Segetis, the Golden Valley "green chemistry" company that makes plant-based solvents that are petroleum substitutes, announced plans in 2014 for a $105 million factory at an industrial park in a wood-rich area near Hoyt Lakes, Minn.

However, several-year CEO Atul Thakrar left the company earlier this year, and the company has not presented the Iron Range Resources and Rehabilitation Board (IRRRB), the Range economic developer, with its roughly $65 million in equity-and-debt financing.

Several current and former Segetis executives did not respond to inquiries last week.

"We haven't put any of our money in," Commissioner Mark Phillips of the IRRRB board said. "We're waiting for Segetis to come up with their [$65 million] equity and debt portion."

The deal between the state and Segetis expires in January unless the financing is presented and approved by the IRRRB board.

The IRRRB and the Minnesota Department of Employment and Economic Development pledged about $28 million in loans to the project. About $1 million of the money has been disbursed to the city of Hoyt Lakes to buy the vacant building. Duluth-based Minnesota Power also committed $3 million.

Segetis, which has a small, leased commercial plant in Wisconsin and two pilot plants in Golden Valley, was pursued by several states and at least one Canadian province.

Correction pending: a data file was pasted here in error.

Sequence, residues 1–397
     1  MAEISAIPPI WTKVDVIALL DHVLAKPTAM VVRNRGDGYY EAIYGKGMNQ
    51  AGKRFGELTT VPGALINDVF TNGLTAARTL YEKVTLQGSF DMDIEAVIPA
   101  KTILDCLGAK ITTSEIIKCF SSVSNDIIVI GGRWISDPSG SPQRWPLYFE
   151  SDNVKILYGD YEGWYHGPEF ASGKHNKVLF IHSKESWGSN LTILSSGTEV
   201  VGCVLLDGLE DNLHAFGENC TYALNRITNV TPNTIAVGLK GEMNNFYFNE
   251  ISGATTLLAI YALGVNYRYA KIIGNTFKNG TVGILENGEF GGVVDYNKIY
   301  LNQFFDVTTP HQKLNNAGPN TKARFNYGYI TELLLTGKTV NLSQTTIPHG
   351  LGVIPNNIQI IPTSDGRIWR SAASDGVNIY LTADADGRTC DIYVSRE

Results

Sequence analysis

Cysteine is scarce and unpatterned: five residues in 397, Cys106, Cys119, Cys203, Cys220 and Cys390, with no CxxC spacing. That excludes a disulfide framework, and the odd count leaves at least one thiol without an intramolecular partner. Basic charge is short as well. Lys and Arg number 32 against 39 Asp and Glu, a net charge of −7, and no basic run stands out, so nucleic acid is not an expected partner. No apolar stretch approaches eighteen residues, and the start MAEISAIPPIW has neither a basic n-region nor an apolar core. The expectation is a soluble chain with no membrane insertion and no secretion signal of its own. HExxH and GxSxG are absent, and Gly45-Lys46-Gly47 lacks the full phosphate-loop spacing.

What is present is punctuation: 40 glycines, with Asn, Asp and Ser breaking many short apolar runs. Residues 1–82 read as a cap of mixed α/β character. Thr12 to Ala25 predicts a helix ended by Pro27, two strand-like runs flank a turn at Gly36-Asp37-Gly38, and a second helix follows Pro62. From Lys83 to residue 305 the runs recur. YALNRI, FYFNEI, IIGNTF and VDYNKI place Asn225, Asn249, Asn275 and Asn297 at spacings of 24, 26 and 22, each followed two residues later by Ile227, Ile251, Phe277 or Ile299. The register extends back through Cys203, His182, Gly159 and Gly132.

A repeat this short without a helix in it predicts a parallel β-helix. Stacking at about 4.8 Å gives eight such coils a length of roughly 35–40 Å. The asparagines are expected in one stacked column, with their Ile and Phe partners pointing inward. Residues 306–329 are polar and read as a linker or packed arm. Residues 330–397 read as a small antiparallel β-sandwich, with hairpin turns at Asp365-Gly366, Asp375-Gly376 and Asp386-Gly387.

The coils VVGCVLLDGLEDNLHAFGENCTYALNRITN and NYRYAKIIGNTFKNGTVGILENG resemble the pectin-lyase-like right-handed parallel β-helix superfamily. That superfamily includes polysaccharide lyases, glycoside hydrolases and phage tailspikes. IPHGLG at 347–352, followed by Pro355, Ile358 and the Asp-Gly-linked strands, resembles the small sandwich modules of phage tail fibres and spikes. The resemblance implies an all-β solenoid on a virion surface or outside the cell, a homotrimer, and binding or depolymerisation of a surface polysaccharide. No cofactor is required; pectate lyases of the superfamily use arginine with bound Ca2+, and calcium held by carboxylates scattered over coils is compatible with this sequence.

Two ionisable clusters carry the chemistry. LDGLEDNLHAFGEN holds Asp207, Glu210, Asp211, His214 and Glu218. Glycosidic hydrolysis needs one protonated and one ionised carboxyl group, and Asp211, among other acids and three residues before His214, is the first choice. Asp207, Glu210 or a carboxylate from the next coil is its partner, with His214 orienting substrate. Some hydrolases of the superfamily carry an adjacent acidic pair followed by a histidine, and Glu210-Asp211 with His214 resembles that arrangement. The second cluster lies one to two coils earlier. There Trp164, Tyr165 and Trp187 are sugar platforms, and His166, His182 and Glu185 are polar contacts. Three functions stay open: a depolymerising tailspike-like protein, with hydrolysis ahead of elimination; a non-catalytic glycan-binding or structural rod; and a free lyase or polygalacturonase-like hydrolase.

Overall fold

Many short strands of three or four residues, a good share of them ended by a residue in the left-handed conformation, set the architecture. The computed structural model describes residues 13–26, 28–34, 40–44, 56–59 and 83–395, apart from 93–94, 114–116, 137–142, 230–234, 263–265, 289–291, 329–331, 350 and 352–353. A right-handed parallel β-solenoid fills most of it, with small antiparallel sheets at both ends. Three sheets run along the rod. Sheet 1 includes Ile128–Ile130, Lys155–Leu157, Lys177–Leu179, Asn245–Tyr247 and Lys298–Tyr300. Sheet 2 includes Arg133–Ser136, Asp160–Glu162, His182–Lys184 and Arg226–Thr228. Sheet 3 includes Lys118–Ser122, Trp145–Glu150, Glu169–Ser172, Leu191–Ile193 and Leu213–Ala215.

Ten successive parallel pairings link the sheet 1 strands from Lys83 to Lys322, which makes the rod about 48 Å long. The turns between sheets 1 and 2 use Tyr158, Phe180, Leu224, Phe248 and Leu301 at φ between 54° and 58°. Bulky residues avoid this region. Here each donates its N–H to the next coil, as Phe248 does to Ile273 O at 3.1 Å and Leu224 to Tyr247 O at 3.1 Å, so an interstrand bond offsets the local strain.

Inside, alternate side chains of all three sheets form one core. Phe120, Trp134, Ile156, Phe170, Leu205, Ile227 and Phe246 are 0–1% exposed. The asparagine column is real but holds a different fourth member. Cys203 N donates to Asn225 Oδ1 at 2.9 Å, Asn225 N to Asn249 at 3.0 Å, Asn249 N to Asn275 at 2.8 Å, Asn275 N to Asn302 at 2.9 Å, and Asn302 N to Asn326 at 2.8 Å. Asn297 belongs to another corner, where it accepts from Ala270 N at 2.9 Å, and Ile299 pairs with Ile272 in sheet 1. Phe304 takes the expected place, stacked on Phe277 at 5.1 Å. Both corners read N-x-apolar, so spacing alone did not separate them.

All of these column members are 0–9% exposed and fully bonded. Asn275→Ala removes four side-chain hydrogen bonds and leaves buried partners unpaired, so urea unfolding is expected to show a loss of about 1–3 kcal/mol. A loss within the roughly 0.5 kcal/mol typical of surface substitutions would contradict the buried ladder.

"Segetis is on the leading edge of the biochemical economy and will add value to our timber and forest-products economy," said former IRRRB Commissioner Tony Sertich last year.

Part of the company's problem is thought to be low oil prices. Segetis makes solvents and cleaners from raw materials such as corn and waste wood. Its competitors' products are petroleum-based and as oil prices have plummeted that has lowered the price of those products, giving customers little incentive to switch to higher priced greener solutions. That may have given prospective Segetis investors and lenders concern.

Segetis has raised more than $60 million in venture capital since 2007. The company, which last year employed 40 people, develops and makes bio-based material for flexible plastic products, synthetics, cleaning products, and other consumer goods that supplant oil-based feedstock.

The Segetis project at Hoyt Lakes was forecast to have an annual $55 million economic impact, an inaugural 55 jobs and support 545 jobs in related industries, according to a study by the University of Minnesota Extension Center for Community Vitality.

Meanwhile, BioAmber, another promising green chemistry company, apparently has moved its main headquarters from Plymouth to Montreal, Quebec. The Canadian government has subsidized construction of a flagship plant.

Investing 'in people' propels Veritae Group

Sally Mainquist and Kris Larson, veteran accountants and placement-firm executives, really meant business when they started their Veritae Group last year, after leaving Certes Financial Pros in 2013 after many years of executive service.

It also helps to be veteran head hunters in a growing economy.